A company that holds a legacy address block recently sought an opinion from the General Counsel of the U.S. National Science Foundation (NSF) about the legal status of its IPv4 address holdings.The answers make for an explosive entry in the emerging IPv4 address market. IGP Blog has obtained a copy of this letter with the name of the company and any other identifying information redacted.
The company had expressed concern “about its rights in and to a block of Internet Protocol version 4 (IPv4) numbers” and about the “purported authority over it of the American Registry of Internet Numbers” (ARIN). The company bluntly asked the NSF “Is this IPv4 Number Block [ours]?” and “Can a newly-formed organization, such as ARIN, come along years later and attempt to control or take this Number Block from us?”
NSF General Counsel Lawrence Rudolph, who has been in that position since 1995, reviewed the applicable law and answered as follows:
NSF transferred a ‘thing of value’ to the awardee under the NSF-NSI Cooperative Agreement, and that awardee in turn gave it to you. …we [NSF] know of no provision under the Cooperative Agreement which would have authorized the awardee (NSI) to unilaterally reclaim IPv4 number blocks, once distributed.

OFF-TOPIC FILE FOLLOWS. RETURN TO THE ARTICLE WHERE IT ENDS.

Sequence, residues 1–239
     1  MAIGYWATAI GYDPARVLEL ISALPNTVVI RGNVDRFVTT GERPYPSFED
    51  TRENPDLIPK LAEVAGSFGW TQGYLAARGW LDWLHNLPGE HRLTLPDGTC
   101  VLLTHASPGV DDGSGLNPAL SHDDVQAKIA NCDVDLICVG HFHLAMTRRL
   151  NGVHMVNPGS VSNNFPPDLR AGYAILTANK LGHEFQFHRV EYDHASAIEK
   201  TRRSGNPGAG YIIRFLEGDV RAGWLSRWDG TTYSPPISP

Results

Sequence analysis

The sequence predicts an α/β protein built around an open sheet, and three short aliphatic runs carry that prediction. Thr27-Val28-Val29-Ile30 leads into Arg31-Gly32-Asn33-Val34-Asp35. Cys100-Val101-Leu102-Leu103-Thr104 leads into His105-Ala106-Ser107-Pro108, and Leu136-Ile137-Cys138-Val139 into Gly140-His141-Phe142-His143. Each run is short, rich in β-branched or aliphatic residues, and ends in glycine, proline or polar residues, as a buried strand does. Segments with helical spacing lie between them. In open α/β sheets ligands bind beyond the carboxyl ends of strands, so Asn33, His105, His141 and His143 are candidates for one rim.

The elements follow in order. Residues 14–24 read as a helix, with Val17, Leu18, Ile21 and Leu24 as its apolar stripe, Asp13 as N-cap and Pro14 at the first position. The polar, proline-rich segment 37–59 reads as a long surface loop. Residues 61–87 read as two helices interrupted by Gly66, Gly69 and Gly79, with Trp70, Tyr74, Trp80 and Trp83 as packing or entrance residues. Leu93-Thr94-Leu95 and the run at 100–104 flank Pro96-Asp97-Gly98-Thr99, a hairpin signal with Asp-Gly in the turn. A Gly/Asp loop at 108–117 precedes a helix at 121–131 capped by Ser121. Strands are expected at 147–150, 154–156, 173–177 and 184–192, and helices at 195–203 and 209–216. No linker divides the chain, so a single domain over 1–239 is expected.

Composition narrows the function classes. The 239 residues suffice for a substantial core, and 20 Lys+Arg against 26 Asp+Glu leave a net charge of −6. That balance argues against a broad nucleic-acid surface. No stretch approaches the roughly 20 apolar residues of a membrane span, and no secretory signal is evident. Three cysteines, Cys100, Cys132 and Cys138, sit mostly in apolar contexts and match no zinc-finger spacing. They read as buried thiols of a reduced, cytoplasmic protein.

The NSF has never had a cooperative agreement, or any other agreement, with ARIN or any other similarly situated entity. In short, NSF does not believe that ARIN, or for that matter any other organization, could retroactively affect property and rights distributed to you (or any other recipient) by awardee NSI under its Cooperative Agreement with the National Science Foundation.
The NSF letter cuts the ground from under ARIN’s claims that it holds authority over the legacy address blocks not subject to a Registration Services Agreement (RSA) or Legacy Registration Services Agreement (LRSA) contract. The letter is available here.